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Les Leyne: How was my budget experience? So glad you asked

In the interests of open government and transparency, which we are all big on, I’m filling it out publicly.
Finance Minister Katrine Conroy tables the budget as Premier David Eby looks on from the legislative assembly at the legislature in Victoria, Thursday, Feb. 22, 2024. CHAD HIPOLITO, THE CANADIAN PRESS

Slumped over my keyboard, still overwhelmed by the suffocating amount of government data stuffed in my face ­during this week’s budget lockup, I was physically, spiritually and ­emotionally exhausted.

Suddenly, a cheery note from the government communications office popped up on the screen. They’re doing a survey.

“Media. How was your budget experience?”

In the interests of open ­government and transparency, which we are all big on, I’m ­filling it out publicly.

“We’re curious. How many times have you par­tic­ipated in budget lockup?”

That’s kind of personal, don’t you think?

Let’s not be specific. Just say I wore skinny leather ties and pleated Dockers to the first few, and was the coolest guy in the room. I did lockups when there was no such thing as a ­gluten-free vegetarian free‑lunch … Where they handed us 10 kilograms of documents in big shopping bags, not just a ­little thumb drive … Where you didn’t have to surrender your phone because it hadn’t been invented yet.

“Overall how was your ­experience as a media participant?”

It was lonely, for one thing. There are fewer of us around than there used to be. And the after-party now is just a joke — two guys having a quiet beer. It used to be 25 people on expense accounts screaming and high-fiving and hugging and … well, let’s just leave it at that.

But the talking points in the room are as inspiring as ever. “Building a Stronger BC!” ­“Taking Action For You!” “We Are Stronger Together Than We Are Alone!” “We’re Helping People with Everyday Costs!” That stuff is gold. It’s worth the $30-million communication budget all by itself.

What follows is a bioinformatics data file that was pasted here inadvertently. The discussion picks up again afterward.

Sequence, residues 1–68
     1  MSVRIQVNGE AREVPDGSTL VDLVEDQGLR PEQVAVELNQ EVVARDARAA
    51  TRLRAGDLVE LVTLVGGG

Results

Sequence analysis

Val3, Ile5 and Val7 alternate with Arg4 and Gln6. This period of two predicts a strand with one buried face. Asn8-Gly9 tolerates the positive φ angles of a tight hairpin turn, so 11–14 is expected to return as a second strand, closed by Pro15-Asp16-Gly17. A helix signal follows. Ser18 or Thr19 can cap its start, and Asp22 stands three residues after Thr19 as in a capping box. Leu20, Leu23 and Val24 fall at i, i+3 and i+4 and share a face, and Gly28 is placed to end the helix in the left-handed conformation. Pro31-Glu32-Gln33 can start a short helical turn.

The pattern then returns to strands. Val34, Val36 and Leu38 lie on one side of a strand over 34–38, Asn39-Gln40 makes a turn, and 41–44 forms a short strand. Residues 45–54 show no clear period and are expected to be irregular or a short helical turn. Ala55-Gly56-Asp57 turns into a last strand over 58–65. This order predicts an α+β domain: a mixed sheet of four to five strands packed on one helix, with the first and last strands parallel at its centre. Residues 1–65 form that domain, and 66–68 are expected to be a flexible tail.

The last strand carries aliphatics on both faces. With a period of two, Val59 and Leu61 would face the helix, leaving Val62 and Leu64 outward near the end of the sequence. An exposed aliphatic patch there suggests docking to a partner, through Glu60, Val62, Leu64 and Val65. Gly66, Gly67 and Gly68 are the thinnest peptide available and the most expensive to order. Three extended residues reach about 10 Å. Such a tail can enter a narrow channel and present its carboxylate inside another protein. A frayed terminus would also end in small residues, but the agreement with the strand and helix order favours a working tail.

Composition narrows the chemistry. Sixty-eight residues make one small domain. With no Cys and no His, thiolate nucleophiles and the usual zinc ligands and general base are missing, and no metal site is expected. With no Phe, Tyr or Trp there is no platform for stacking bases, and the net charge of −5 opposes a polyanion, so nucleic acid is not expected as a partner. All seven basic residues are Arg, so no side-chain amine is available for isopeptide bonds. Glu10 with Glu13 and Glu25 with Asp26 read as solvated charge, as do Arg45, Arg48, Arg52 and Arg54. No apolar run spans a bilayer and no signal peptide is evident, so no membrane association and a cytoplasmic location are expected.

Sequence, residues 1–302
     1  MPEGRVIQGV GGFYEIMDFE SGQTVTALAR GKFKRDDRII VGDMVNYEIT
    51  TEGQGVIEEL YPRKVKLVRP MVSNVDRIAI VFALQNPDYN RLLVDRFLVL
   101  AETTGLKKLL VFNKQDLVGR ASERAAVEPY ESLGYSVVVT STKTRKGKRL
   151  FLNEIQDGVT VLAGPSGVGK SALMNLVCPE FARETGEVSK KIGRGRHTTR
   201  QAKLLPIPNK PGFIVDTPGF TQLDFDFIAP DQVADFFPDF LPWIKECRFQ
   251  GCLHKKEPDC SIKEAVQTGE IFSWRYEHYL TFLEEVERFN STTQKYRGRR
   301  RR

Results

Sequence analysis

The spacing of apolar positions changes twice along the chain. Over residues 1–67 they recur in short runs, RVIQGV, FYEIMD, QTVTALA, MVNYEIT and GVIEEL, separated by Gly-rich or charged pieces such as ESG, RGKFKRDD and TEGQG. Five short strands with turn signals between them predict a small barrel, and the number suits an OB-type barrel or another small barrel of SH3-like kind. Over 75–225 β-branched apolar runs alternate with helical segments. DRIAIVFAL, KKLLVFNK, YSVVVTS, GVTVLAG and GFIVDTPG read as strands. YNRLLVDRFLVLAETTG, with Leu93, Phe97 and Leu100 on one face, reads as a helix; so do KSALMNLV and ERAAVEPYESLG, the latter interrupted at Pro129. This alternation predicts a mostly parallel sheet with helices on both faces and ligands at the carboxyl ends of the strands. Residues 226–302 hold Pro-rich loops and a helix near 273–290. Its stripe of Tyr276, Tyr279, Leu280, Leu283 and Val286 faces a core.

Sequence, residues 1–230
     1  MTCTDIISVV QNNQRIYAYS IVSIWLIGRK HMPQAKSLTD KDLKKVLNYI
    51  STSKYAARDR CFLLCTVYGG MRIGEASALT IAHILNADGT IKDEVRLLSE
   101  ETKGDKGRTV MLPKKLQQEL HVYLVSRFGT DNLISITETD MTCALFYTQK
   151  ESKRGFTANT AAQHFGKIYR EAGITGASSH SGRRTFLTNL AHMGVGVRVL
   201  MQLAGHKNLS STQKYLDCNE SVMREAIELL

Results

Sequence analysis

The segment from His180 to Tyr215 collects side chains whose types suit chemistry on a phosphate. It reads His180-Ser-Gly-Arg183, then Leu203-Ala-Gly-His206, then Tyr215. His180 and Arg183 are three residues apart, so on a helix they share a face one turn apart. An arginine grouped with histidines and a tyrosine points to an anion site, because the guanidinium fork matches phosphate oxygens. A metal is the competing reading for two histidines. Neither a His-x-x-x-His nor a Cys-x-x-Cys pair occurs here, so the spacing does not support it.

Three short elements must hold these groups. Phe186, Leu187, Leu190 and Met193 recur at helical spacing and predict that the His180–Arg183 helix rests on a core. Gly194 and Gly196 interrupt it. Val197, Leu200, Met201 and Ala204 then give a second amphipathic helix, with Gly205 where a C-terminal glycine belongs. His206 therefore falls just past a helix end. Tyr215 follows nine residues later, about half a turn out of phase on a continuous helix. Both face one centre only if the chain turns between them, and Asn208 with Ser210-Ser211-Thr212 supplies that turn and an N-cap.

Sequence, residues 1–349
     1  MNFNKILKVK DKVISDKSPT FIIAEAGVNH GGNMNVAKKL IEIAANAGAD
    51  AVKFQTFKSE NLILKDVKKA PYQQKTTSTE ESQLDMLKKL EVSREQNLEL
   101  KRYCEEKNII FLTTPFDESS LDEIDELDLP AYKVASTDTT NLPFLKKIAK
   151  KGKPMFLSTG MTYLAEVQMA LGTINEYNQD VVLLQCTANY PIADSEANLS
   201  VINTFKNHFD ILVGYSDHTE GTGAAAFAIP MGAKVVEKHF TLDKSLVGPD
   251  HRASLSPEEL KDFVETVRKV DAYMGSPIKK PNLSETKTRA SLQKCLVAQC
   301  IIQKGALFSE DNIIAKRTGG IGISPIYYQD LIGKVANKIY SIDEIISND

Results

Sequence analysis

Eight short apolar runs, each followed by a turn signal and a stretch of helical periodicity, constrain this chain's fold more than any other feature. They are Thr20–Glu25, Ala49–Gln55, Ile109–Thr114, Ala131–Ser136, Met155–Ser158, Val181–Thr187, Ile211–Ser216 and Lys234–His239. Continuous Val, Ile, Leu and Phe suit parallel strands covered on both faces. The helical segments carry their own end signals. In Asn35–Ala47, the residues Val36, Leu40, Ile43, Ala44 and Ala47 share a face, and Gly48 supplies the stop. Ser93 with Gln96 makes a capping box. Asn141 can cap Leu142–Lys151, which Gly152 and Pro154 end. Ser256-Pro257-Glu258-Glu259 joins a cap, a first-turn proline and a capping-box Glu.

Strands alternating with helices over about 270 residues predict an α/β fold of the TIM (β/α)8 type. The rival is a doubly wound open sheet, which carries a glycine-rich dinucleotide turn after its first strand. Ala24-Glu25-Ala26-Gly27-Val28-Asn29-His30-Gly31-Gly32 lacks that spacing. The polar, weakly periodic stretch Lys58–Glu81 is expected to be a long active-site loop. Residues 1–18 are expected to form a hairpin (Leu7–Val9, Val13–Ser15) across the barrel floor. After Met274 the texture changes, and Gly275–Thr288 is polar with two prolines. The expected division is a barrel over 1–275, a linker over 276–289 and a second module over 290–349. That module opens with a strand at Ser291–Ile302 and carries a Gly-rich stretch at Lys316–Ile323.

“How much do you agree; I got the information and support I needed?”

I see what you did there. ­People like to be agreeable, so you nudged me toward the ­positive. Clever.

There was enough infor­mation to write three books on Budget 2024. But they would appeal only to people who like reading columns of numbers and chapters on “transfers to service delivery agencies” and “key ­fiscal sensitivities” and “private sector exchange rate forecasts.”

It’s the support that’s ­lacking. How about an artificial ­intelligence app next year?

“Give me 700 words on debt, stat.”

“What’s the deal with housing start projections not going up like they said they would? Go.”

“Contrast the Eby approach with the Horgan doctrine in the context of the previous B.C. ­Liberal paradigm and make it sing.”

“Prior to the event how much of the information that you needed did you get?”

Finance Minister Katrine Conroy did a media appearance the day before the budget. So using my journalism instincts, I asked what was going to be in it. She laughed in my face. Rude!

“Do you have any suggestions for how future Budget Lockups can be improved? Please include any of your ideas plus what you’ve heard from others.”

If you’re going to insist that deficits are trending down when they’re actually going up, you should have semantics ­counsellors on hand to explain how words have suddenly changed their meanings.

If you’re going to jack total provincial debt from $103 billion to $165 billion in just three years, when it’s already doubled since you took over in 2017, you should have a few defibrillators in the room for the debt nerds. You could give a person a stroke with plans like that.

Also, the idea of assigning a government handler to every reporter in the mob scene where stakeholders give their views is just weird.

It seems like there are more border collies than there are sheep these days.

They were nice folks, but it’s like having really friendly surveillance drones hovering around you, when all you’re doing is chatting with someone about why the Canucks have started sucking.

As for “what I’ve heard from others,” one guy had a ­sandwich in the lockup and started ­feeling queasy.

He headed home to Vancouver but got to Swartz Bay a ­minute too late and had to wait for hours. God knows what time he got home but he wasn’t at work Friday.

We just can’t afford losses like that, we need every hand on deck.

But thanks for asking.

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